by: Rebecca Brimmer, Editor-in-Chief
Ebola—the word alone is enough to strike fear in hearts. Journalists cover in detail every person in the West who has contracted the deadly virus, which kills 50% of all who are infected. The World Health Organization (WHO), leaders of nations, and the UN are all holding emergency meetings to forge a plan to contain the virus, cure those infected and avoid a worldwide pandemic. Bible readers speak in terms of pestilence and perhaps even judgment. On a recent trip through the airport in Dallas Texas, everyone was talking about Ebola in worried tones—Ebola had come to Dallas onboard an international flight, two health officials had contracted the virus and many people were in quarantine. In the face of such a threat, Israel once again has stepped up to be part of the solution. Israelis respond to threats by coming up with solution. They do not allow fear to paralyze. Israel once again has proved to have a caring character as she reaches out to serve the world.
Israel is dealing with the problem in a multi-pronged fashion. During an emergency UN Security Council meeting about Ebola, Ambassador Ron Prosor passionately stated, “Israel stands ready to join an international task force to combat the Ebola outbreak. In the meantime, we have sent emergency funding to Sierra Leone and medical supplies to Ethiopia, and sent experts in public health and infectious diseases to Cameroon.”
According to Israel21c Israel has sent more than a million shekels’ worth of medical equipment, as well as expert personnel to fight the spread of the African Ebola epidemic. WHO reported that as of October 23rd Ebola had claimed 4,922 lives (since March) and that there were 10,141 known cases.
“Israel is proud to be playing its part.” Prosor noted, “The Jewish faith teaches tikun olam—the obligation of every person to make the world a better place.”
An Israel21c article reported that MASHAV, Israel’s Agency for International Development Cooperation of the Foreign Ministry shipped three mobile emergency Ebola treatment units, equipped to handle the first cases that may be discovered, to the three countries deemed at the highest risk of infection.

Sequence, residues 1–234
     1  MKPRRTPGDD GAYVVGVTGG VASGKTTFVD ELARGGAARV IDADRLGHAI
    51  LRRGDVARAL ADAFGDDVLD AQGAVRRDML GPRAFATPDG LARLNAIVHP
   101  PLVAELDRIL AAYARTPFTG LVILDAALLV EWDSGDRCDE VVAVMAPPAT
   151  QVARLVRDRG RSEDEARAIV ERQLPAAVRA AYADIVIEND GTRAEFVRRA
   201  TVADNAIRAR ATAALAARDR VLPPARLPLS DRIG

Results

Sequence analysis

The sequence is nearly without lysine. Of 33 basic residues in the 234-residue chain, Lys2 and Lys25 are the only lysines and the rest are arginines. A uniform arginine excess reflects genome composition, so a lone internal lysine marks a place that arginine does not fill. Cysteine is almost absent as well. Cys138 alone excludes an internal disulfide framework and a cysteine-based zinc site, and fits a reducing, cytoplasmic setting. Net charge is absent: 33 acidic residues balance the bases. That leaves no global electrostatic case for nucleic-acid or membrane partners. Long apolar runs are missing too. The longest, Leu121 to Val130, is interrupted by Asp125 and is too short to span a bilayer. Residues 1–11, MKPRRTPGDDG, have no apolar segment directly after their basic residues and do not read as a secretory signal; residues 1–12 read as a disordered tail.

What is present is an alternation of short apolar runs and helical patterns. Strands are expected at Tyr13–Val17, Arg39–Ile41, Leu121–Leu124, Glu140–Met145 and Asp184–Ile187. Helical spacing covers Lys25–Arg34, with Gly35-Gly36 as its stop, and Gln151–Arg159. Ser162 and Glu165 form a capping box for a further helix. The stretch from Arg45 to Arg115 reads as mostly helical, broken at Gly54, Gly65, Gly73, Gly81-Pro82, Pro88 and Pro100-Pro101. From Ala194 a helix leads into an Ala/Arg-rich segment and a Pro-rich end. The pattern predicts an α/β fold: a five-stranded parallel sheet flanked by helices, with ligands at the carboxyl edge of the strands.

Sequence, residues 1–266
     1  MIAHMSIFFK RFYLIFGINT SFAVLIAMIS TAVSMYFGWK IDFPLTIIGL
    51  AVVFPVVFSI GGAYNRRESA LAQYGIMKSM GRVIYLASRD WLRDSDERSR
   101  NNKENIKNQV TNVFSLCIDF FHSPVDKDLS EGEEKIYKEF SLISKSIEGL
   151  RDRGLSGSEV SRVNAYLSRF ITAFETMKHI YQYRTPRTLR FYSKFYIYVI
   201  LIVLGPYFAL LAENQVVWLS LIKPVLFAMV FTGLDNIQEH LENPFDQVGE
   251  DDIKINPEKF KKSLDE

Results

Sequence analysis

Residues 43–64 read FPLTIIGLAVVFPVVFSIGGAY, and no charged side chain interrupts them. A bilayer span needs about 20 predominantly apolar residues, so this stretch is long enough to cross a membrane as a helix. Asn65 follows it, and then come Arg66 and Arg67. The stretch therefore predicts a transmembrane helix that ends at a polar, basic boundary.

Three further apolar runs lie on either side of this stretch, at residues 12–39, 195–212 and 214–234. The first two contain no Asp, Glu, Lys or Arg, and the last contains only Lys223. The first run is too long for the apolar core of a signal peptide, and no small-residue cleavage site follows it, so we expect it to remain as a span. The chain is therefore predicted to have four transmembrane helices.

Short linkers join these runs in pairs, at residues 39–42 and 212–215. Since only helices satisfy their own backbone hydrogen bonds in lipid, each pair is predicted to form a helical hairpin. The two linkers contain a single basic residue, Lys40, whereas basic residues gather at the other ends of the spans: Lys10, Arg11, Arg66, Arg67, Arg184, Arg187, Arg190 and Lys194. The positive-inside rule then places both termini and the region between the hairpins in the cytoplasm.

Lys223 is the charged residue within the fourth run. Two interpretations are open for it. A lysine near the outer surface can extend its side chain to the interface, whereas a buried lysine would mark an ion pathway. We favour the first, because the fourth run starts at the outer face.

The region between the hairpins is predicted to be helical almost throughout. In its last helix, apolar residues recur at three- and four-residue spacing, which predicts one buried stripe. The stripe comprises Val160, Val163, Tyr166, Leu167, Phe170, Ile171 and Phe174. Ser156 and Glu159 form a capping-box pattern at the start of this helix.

“We are constructing the units in accordance with WHO standards and preparing them to be sent out by sea,” MASHAV director Gil Haskel said. “Each 10-bed unit will be accompanied by an Israeli team including technicians to construct them and train local personnel how to run them, and a doctor and a nurse under the auspices of the Health Ministry. They will train their African counterparts to educate at-risk populations on how to prevent the spread of the disease.”
Even before the mobile clinics arrived, Israel had already donated protective suits to African Union troops stationed in Ethiopia, and sent public health and infection disease experts to train hospitals in Cameroon on precautions to help keep citizens from contracting the deadly virus.
Prosor declared, “The time for global action is now. Tens of thousands of lives and the future of West Africa hang in the balance. Every country, no matter how small, has a role to play in combating the Ebola epidemic. We are standing at a crossroad. In our generation global health and development goals that once seemed unattainable are now within our reach.
Israeli technology is being used to create an app to aid in communication in local African dialects to educate the population groups in their own languages.
It took 11 days for the volunteers to build the informational Ebola app. The content for the app was adapted from information on the websites of the US Centers for Disease Control and Prevention and the World Health Organization. It was translated into African languages including Wolof, Jola and Swahili by a team of volunteers [Israel21c].
Since villagers who own smartphones are regarded highly in their communities, other residents of the village are more likely to listen to their advice about how to contain the virus and keep it from spreading to others.
Israeli medical researchers believe that they will be able to find a cure—but this is not a short-term answer. Israel bio-tech pharmaceutical companies have stepped up and offered to produce more of the experimental treatment ZMapp (because the Western supply was quickly depleted). Patients using this experimental treatment have a much higher survival rate.
Prosor concluded his speech with a challenge, “This must be the moment when we unite to defeat this disease and strengthen health systems around the world so this tragedy is never repeated.”
We hope and pray that the world will cooperate as Prosor asks, but in the meantime you can know for sure that Israel will be on the frontline, fighting the war against Ebola, as they seek to bring healing to the world.
Information provided by the World Health Organization
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